Avoid Common Accounting Missteps

In their Fall 2008 Nonprofit Observer publication, San Francisco Bay Area CPA Firm Lautze & Lautze offers advice on how to avoid 8 common accounting mistakes among nonprofits (summarized below):

1. Follow accounting procedures

Every nonprofit, large or small, should establish a formal, documented, and detailed accounting process that includes all aspects of managing the organization’s money (i.e., accepting donations, paying bills, depositing donations, etc.). The procedures should be in writing and followed every time by the person who regularly performs the accounting task and anyone that should fill in for that person.

2. Accurate data entry

“Little errors don’t go away; they just become bigger problems.” No discrepancy should go unnoticed. Double-check entries each time and check accounts against bank statements with each entry.

3. Establish a budget

Budgets provide a baseline to prevent overspending and allow the investment of surplus money. Beginning with a basic budget that can be tailored with time is better than no budget at all. Additionally, a “miscellaneous category” is appropriate but should not be the majority expense.

4. Select experts in nonprofit accounting and stay informed

Nonprofit accounting has certain accounting responsibilities that are not applied universally (i.e., contributions). Once an expert in nonprofit accounting has been hired, a board must continue to stay informed about the basic accounting operations and the process.

5. Categorize all money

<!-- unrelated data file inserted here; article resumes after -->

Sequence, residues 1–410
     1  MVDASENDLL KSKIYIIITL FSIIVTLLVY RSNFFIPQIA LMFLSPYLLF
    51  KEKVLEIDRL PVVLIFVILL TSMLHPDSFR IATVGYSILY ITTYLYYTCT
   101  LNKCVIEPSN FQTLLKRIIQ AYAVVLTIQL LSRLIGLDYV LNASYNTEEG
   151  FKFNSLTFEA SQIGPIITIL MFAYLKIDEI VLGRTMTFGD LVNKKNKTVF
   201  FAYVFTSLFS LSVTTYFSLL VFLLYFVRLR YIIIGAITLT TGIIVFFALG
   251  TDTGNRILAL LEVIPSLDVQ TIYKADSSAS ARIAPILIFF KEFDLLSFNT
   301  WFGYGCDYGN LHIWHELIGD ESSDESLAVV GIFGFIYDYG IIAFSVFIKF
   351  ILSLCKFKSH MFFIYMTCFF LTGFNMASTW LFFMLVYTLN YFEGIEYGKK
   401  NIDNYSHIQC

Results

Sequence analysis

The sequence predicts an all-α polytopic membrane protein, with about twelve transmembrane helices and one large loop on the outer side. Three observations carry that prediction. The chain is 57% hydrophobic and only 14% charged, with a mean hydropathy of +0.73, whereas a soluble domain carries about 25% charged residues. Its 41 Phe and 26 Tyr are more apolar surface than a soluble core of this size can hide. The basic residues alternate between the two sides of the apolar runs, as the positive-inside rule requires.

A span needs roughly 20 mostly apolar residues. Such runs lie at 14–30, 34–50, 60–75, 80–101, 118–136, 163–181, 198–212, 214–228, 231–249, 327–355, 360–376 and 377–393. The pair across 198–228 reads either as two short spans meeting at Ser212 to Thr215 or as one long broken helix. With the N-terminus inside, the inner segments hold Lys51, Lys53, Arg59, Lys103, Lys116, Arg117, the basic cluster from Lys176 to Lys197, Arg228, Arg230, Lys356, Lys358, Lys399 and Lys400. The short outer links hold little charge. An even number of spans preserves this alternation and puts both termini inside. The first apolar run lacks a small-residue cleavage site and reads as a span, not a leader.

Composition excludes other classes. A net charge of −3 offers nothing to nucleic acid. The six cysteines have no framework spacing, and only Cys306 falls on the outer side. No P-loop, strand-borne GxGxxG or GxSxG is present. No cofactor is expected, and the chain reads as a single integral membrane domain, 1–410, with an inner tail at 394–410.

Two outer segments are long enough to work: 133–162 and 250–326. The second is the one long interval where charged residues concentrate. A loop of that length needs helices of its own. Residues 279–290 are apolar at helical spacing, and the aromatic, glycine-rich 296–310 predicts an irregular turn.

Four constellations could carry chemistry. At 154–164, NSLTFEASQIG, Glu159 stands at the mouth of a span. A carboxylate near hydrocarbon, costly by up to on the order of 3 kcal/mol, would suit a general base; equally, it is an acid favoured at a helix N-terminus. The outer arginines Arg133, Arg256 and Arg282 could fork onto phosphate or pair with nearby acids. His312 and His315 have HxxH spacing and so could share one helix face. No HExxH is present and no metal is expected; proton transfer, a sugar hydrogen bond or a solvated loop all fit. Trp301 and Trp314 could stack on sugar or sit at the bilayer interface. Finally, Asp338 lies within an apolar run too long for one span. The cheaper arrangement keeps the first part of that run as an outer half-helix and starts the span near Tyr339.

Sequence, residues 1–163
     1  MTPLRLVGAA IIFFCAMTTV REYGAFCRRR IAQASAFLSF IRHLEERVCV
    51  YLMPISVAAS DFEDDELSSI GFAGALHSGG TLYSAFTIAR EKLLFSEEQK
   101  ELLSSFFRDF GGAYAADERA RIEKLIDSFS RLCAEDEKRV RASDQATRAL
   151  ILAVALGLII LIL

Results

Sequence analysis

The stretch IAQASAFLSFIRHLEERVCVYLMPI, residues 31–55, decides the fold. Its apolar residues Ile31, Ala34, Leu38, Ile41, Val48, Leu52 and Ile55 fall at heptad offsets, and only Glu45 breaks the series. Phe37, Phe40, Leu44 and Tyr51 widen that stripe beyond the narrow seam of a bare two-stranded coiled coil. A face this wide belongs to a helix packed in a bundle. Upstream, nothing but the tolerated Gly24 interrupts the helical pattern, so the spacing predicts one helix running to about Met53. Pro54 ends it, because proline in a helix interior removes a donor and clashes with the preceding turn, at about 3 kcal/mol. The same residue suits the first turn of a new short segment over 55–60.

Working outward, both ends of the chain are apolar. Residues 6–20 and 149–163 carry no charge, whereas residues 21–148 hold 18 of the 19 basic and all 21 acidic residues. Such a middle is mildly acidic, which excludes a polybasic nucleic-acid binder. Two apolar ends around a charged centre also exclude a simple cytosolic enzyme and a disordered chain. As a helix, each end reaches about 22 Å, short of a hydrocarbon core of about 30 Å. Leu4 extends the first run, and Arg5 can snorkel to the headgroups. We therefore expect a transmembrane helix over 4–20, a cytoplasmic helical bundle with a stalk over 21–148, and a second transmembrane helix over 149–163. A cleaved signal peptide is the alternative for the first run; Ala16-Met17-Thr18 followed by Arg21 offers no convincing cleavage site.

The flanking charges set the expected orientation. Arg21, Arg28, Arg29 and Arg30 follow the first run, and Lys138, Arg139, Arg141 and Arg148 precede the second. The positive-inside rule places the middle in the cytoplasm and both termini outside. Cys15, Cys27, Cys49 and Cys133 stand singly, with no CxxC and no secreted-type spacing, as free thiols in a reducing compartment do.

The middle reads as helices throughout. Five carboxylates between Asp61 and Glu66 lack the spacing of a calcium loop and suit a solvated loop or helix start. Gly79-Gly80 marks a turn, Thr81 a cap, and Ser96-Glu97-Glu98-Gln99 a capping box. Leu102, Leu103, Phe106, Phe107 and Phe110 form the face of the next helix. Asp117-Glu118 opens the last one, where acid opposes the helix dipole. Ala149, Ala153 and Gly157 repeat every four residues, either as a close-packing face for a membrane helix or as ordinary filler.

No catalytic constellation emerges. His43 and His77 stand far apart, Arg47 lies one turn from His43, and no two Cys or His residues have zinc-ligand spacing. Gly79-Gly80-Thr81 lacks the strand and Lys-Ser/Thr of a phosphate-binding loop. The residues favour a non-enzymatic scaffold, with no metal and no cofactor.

All money, both in and out, should be appropriately categorized. This is especially crucial for a nonprofit that receives earmarked donations. Everyone involved should understand the different accounts and how they are used.

6. Use a filing system

Establish and follow a daily or weekly filing schedule for all accounting paperwork (i.e., receipts, invoices, bank statements, etc.).

7. Establish a petty cash fund

This fund is aimed at satisfying small expenditures that are easier handled with cash (i.e. buying a pizza for volunteers staying late). It should be handled with just as much care as all other money of the organization. The fund should authorize access for only a limited number of individuals, kept under lock and key, and require receipts for all expenditures.

8. Automatic back-ups of accounting information

A Web-based system has the additional advantage of storing the information off-site should a natural disaster, fire, or other emergency occur.

The key to avoiding many common accounting mistakes is taking your time and double-checking your actions. When in doubt, consult an accounting professional.

The Lautze & Lautze Nonprofit Observer publication, Fall 2008, is available here.

– Emily Chan